Delpozo, the once-renowned Spanish fashion brand, is currently undergoing significant changes that may lead to a complete transformation of its identity. The departure of star designer Josep Font in September 2018 marked the beginning of troubled times for the brand. Font not only played a crucial role in reviving the brand but also in establishing its distinctive style. With Font’s exit, the future of Delpozo became uncertain as its identity had become closely intertwined with him.

Over the past few months, Delpozo has gradually closed down its international operations, even before announcing its search for new investors in June. Two out of the three flagship stores that were once opened, during the brand’s success, have already been shut down. The London flagship, established in 2017, has now been taken over by a pop-up store operated by Saloni. Additionally, the flagship store in the Dubai Mall, which opened in March 2018 through a partnership with Symphony Style, has also been closed.

Delpozo has also terminated partnerships with several international collaborators. Italian showroom Massimo Bonini, responsible for developing the brand’s footwear and accessories, is no longer involved. Furthermore, Riccardo Grassi, another Italian showroom that took control of Delpozo’s wholesale business, terminated its collaboration with the brand after the Fall/Winter 2019-20 season.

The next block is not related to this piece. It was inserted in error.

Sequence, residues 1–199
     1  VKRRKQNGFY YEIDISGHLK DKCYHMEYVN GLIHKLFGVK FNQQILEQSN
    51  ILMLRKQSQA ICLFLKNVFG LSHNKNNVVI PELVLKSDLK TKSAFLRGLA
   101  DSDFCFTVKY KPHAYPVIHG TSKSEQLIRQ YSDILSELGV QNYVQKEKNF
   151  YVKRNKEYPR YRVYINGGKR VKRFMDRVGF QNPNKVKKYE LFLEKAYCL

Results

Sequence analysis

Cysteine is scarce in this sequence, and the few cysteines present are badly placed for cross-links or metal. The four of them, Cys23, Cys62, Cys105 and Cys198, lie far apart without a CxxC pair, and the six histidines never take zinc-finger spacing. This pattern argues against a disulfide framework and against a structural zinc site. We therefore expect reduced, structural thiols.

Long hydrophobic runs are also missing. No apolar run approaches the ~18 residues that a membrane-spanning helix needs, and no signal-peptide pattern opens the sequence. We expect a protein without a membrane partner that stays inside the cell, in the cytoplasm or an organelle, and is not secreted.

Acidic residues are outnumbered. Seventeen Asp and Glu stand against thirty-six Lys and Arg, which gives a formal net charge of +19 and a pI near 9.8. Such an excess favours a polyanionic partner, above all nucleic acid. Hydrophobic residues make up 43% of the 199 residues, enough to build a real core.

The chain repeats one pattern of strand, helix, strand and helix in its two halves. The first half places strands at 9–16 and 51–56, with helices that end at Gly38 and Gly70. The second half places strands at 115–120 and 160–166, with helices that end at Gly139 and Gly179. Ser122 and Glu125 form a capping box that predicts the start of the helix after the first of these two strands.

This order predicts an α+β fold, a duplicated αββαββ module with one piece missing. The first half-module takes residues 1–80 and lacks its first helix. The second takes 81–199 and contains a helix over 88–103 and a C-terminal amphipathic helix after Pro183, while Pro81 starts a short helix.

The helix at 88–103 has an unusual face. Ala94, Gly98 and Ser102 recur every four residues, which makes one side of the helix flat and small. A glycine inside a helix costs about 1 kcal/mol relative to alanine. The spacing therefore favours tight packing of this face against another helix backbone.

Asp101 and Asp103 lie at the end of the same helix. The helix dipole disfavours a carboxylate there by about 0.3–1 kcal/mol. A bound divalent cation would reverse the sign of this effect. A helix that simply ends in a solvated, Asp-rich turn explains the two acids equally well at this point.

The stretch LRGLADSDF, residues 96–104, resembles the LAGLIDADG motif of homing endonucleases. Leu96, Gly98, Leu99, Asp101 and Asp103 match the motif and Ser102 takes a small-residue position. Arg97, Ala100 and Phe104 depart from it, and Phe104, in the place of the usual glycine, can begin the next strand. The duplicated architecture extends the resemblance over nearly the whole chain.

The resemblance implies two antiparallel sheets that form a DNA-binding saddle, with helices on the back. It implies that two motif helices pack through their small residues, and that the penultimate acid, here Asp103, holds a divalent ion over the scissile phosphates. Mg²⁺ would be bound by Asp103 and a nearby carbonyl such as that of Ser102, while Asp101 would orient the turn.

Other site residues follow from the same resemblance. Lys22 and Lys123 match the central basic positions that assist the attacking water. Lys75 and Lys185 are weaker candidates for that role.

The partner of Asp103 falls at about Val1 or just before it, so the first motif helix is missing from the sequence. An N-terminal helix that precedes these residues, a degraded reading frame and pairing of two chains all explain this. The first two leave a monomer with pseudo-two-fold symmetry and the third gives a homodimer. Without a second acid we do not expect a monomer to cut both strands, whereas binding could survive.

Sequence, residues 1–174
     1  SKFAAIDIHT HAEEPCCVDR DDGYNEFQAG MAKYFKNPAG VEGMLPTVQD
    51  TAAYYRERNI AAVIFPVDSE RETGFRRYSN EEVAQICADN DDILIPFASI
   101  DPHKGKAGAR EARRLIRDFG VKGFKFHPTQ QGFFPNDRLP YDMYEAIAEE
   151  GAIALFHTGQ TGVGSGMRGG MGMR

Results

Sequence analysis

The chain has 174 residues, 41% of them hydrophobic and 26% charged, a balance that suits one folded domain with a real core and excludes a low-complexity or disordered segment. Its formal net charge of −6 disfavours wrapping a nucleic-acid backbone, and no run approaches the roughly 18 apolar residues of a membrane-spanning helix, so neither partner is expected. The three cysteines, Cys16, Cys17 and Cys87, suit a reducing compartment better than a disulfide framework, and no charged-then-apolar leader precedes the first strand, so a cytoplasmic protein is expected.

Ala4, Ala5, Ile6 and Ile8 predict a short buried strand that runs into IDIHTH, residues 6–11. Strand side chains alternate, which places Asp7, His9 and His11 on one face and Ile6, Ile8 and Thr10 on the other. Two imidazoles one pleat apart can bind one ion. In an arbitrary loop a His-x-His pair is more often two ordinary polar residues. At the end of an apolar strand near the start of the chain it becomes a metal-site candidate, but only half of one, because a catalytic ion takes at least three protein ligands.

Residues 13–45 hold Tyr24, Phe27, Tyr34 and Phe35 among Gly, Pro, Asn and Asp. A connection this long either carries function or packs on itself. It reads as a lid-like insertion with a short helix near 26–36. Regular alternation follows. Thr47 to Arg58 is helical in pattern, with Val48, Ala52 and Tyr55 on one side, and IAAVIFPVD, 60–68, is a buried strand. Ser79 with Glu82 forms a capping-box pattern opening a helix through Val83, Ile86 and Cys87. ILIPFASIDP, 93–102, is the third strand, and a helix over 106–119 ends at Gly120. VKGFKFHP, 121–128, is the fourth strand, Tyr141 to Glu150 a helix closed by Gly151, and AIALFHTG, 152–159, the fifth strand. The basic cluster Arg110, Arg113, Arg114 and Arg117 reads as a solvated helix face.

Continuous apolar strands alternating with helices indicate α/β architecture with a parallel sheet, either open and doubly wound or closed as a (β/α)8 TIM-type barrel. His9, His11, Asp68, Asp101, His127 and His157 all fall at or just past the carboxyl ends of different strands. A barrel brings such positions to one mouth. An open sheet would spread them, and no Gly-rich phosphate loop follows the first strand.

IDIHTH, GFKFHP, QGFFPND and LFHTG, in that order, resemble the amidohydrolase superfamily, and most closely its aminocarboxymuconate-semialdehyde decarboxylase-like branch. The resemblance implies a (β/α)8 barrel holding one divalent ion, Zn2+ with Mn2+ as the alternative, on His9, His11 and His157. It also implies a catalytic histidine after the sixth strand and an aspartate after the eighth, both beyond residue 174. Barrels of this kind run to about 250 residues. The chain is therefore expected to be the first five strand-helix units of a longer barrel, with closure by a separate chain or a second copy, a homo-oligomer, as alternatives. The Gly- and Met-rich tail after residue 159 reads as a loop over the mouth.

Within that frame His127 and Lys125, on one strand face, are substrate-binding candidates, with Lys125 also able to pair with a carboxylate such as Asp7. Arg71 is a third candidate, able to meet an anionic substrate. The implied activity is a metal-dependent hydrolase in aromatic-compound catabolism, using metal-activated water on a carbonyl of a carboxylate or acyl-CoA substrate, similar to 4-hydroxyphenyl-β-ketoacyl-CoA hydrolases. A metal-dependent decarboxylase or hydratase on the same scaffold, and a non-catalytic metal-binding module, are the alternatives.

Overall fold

Adding to the changes, the brand’s general manager, Pablo Badía, has departed from Delpozo to pursue a new project. Badía expressed gratitude for the opportunity to work with the brand, praising its unique style. With his departure, Delpozo is currently without a leader until a new owner is found, who will likely introduce new strategies and structure.

The future of Delpozo’s creative direction is also uncertain. After Font’s departure, Lutz Huelle was announced as his successor, but his expected debut collection never came to fruition. Huelle has chosen not to comment on his current role as the creative director, leaving his continuation in the position dependent on the plans of Delpozo’s future management.

Recent years have been challenging for Delpozo, with the brand making several missteps. In fiscal year 2018, it reported a loss of €3.8 million, despite sales amounting to only €3.5 million, a significant deviation from the projected €10 million in sales for 2019. To mitigate losses, the brand has resorted to offering steep discounts of up to 95% on previous collections at its Madrid store. However, this strategy raises concerns about the brand’s perceived value and potential damage to its reputation.

Perfumes y Diseño, the owner of Delpozo, announced in September its intention to sell a majority stake to an industrial partner capable of maintaining the brand’s strategic plan. Nevertheless, the name of the new owner has yet to be disclosed, and negotiations are still ongoing.

The future of Delpozo remains uncertain. However, it is evident that the brand needs a savior who can preserve its name and history. Other Spanish luxury brands, including Loewe and Balenciaga, have successfully survived under French ownership. Even historic fashion houses like Patou and Sonia Rykiel have found new investors. Delpozo deserves a second chance with an owner who recognizes its potential and can navigate the current challenges it faces.

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